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HMAS AUSTRALIA - England expects that every man this day will do his duty

Date: c 1916
Dimensions:
Overall: 88 x 138 mm
Medium: Printing ink on paper
Credit Line: ANMM Collection
Classification:Posters and postcards
Object Name: Postcard
Object No: 00004035
Place Manufactured:Great Britain

User Terms

    Description
    Showing HMAS AUSTRALIA (I) departing Portsmouth for Australia, this postcard was produced during WWI as a means of rallying patriotic pride for the British Commonwealth. It features two naval heroes - Jellicoe and Nelson - and Nelson's famous flag signal from the Battle of Trafalgar (1805).

    An inscription along the top of the postcard reads:
    'England expects that every man this day will do his duty'.
    SignificanceThe use of British naval heroes on this postcard of HMAS AUSTRALIA (I) illustrates the strong link which existed between the Australian and British Navies even after the formation of the Royal Australian Navy.
    HistoryHMAS AUSTRALIA (I) was an Indefatigable class battle cruiser launched in 1911 and later commissioned as the first flagship of the Royal Australian Navy. It was built by John Brown and Co Ltd at Glasgow and sailed for Australia in 1913 after extensive gun, torpedo and machinery trials. It led the Australian Fleet Unit consisting of MELBOURNE, SYDNEY, ENCOUNTER, YARRA, WARREGO and PARRAMATTA into Sydney Harbour on 4 October 1913. It was the embodiment of the Commonwealth of Australia's sea power, and as the flagship of the new Fleet, was the focal point of public interest. AUSTRALIA visited most of Australia's main ports in the first year and several songs and music compositions were dedicated to the vessel.

    In World War I HMAS AUSTRALIA was active in the Pacific and Atlantic Oceans during which time the ship became the first battle cruiser to launch an aircraft in 1918 (light cruiser HMAS SYDNEY (I) was the first Australian ship to launch an aircraft in 1917). In the Pacific AUSTRALIA took part in seizing German Pacific colonies and destroying their radio networks. In the Atlantic it took part in sweeps, patrols and convoy escort tasks particularly in the North Sea and was present at the surrender of the German Fleet at Firth of Forth, Scotland in November 1918. HMAS AUSTRALIA arrived back in Australia in 1919.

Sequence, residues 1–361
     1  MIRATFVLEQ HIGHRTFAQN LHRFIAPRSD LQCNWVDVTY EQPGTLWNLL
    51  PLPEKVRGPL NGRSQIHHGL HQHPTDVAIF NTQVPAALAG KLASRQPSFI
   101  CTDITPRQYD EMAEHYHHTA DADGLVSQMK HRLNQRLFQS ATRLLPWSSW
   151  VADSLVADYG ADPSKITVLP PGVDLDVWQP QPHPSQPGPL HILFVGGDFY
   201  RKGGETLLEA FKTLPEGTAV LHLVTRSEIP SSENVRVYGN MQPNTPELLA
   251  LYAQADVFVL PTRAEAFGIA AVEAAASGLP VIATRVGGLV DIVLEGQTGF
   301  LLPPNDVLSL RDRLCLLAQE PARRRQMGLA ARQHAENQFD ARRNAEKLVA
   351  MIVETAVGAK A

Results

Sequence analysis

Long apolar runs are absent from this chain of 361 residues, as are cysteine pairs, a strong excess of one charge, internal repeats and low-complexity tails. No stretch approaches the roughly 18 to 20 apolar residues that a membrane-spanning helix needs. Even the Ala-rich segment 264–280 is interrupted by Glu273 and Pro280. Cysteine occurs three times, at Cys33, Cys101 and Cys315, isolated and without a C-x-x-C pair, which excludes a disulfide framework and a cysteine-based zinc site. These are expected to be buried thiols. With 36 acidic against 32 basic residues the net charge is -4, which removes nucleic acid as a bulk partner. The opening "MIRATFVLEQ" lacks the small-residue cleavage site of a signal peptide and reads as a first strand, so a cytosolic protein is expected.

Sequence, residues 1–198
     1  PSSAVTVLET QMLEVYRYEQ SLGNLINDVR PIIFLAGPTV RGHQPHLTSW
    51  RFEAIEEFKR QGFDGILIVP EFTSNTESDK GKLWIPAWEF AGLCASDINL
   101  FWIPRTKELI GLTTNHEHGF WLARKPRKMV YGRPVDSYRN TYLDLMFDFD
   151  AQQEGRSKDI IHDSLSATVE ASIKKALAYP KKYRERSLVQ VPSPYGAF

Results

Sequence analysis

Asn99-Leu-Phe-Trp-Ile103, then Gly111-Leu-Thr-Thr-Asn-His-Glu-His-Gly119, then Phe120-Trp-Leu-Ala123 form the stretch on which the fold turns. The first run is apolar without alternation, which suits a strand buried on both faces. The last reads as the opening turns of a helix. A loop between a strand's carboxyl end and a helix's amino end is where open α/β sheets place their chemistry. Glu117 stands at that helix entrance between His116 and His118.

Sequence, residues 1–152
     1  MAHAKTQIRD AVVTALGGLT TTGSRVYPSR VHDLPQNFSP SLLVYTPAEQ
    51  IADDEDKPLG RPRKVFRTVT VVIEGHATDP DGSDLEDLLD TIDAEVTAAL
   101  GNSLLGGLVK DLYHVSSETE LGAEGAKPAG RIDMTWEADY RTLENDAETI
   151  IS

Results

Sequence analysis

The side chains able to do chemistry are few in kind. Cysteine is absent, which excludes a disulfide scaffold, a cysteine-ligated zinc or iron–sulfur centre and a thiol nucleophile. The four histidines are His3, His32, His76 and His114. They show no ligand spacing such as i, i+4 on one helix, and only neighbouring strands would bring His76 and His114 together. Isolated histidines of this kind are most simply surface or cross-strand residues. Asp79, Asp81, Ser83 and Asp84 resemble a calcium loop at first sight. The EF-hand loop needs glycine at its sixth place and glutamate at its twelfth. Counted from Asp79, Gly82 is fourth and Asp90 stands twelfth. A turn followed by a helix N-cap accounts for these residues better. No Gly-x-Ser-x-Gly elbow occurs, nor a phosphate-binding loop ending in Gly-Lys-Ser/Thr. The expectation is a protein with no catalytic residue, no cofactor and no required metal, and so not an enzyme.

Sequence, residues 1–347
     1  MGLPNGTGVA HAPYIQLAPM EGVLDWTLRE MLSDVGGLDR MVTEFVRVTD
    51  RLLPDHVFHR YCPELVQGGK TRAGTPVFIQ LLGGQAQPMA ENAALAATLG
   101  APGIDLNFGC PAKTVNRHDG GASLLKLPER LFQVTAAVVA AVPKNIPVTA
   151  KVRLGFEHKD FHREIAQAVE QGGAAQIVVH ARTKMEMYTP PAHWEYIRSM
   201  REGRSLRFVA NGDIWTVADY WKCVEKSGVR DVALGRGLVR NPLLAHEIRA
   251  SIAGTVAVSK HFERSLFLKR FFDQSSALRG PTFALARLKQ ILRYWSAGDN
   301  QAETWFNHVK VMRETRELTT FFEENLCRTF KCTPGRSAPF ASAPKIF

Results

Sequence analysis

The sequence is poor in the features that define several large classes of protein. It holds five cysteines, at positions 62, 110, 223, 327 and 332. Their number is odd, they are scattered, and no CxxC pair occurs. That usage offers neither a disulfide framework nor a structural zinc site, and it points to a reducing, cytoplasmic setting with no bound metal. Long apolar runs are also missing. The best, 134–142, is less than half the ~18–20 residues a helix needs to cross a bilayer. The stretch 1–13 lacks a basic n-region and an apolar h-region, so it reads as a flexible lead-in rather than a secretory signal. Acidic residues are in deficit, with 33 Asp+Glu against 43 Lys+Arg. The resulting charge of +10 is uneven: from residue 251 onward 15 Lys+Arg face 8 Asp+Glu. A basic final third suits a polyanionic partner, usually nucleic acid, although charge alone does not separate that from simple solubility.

After the war, AUSTRALIA resumed normal duties in Australian waters until December 1921 when a lack of funding saw the vessel paid off into reserve. Most of the vessel's useful equipment and fittings were removed, and eventually it was decided to scrap AUSTRALIA under the terms of the Washington Naval Treaty of 1922 (which aimed at reducing global tonnage of warships after World War I). In January 1924 AUSTRALIA was sold for a mere £3,000, and on 12 April the battle cruiser was scuttled by demolition charges off Sydney Heads. In attendance were HMA Ships BRISBANE and ANZAC, and HM Ships DEHLI, DANAE, DAUNTLESS and DRAGON of the British Light Cruiser Squadron, and steamers crowded with spectators. The vessel disappeared amid almost as much fanfare as when it first arrived in Australia only 11 years previously.

    Admiral Sir John Jellicoe (1859-1935) commanded the Grand Fleet at the Battle of Jutland in World War I and was later First Sea Lord of the Admiralty.

    On 21 October 1805, the Battle of Trafalgar was fought off the south-west coast of Spain. It turned the tide against the French Emperor Napoléon Bonaparte's threatened invasion of Britain. Under the command of Vice Admiral Lord Horatio Nelson, the Royal Navy defeated the combined French and Spanish fleets - but it came at a high price when Nelson was mortally wounded.

    Additional Titles

    Assigned title: HMAS AUSTRALIA - England expects that every man this day will do his duty

    Web title: HMAS AUSTRALIA (I)

    Related People
    Photographer: Stephen Cribb

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